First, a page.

on her own terms

Self-inject offers women and girls a highly effective, convenient, and discreet way to protect against unintended pregnancies – for three months at a time. It can be safely and easily self-administered by women in the comfort of her own home. Studies have found that when used correctly, contraceptive self-injection is 99% effective at preventing pregnancy. In Senegal and Uganda, more than 93% of women who tried self-injecting expressed the desire to continue doing so. And in Malawi, research found that self-inject users had higher rates of continuation as compared to users of provider-administered injectables.


Barriers to access and continuation persist

Even when women feel empowered to demand what they want and need, barriers to accessing modern contraceptives, including self-injection, stand in their way:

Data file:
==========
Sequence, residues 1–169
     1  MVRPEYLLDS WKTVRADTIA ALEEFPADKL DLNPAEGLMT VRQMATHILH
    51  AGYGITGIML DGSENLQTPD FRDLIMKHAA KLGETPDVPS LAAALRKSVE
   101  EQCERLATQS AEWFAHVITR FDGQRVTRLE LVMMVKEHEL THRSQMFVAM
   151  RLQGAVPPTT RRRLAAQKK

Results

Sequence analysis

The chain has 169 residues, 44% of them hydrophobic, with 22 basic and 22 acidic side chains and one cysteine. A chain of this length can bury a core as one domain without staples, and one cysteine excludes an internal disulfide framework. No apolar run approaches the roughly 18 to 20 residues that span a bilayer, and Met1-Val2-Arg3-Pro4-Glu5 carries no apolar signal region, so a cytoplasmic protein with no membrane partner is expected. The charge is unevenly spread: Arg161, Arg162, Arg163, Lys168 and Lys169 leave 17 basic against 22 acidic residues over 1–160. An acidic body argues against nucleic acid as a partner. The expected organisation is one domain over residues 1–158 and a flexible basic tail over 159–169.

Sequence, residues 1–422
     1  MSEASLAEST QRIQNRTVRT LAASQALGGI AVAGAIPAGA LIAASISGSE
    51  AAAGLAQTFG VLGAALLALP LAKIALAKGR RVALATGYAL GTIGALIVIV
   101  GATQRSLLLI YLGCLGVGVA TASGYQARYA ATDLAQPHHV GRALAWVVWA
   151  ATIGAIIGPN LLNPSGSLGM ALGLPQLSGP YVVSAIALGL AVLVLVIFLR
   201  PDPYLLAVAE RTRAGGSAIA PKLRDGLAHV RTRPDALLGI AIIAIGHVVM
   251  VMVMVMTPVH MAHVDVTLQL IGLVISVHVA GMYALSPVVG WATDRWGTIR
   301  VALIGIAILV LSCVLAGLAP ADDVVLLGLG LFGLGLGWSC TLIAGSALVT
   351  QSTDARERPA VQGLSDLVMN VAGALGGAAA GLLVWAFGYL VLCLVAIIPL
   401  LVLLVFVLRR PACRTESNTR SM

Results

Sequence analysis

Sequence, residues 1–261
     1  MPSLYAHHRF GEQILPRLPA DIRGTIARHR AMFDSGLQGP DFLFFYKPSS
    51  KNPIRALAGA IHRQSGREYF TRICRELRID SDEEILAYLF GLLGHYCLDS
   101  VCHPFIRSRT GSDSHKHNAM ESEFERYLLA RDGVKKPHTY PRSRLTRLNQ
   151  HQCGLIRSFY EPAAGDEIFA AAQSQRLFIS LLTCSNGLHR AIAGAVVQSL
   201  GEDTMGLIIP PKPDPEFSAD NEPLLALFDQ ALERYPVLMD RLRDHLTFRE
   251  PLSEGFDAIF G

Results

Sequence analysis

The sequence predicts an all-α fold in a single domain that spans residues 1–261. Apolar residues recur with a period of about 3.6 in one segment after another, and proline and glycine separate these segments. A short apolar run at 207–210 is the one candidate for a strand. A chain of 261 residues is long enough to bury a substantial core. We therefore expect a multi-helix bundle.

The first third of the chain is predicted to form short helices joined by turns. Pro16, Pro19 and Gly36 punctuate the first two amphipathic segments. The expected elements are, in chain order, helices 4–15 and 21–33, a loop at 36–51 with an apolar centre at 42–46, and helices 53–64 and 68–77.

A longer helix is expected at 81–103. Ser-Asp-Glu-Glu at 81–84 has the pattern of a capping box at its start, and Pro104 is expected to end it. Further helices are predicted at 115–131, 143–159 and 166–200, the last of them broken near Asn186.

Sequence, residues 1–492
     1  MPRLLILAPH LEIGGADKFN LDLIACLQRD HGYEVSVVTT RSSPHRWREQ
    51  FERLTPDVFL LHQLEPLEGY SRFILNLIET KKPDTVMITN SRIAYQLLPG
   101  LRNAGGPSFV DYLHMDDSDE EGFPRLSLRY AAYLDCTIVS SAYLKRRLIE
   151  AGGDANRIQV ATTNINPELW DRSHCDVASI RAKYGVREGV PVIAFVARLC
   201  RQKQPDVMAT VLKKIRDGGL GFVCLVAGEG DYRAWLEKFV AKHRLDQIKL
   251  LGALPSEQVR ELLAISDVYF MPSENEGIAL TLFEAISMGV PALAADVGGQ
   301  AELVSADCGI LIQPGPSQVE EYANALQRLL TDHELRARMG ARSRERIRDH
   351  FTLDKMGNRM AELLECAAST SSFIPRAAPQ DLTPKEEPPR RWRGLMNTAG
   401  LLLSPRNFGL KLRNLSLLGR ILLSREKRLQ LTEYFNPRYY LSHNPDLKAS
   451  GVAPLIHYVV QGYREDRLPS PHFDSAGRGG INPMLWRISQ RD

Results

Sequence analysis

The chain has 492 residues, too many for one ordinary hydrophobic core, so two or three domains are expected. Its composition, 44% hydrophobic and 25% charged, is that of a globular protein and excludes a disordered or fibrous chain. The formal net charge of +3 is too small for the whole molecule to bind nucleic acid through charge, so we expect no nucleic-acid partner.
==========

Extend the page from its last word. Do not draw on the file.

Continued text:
• Women lack timely, accurate and relevant information about how to access modern, effective contraceptives.
  • There are stigmas and myths around contraceptives, including increased promiscuity and infertility.
  • Women fear potential side effects.
  • Providers may be biased against certain contraceptives, many even acting as “gatekeepers” to prevent their use.
  • Pricing is inconsistent.
  • Quality and availability of services and products is poor.
  • Overall poor quality or availability of services and products.
  • Many women have a sense of low self-efficacy to self-inject that’s linked to fear of the needle and/or uncertainty about the correct technique

Find out how we’re tackling these barriers.


01 #PeoplePowered

02 Breaking Taboos

03 Moving Care Closer to Consumers

04 Innovating on Investments

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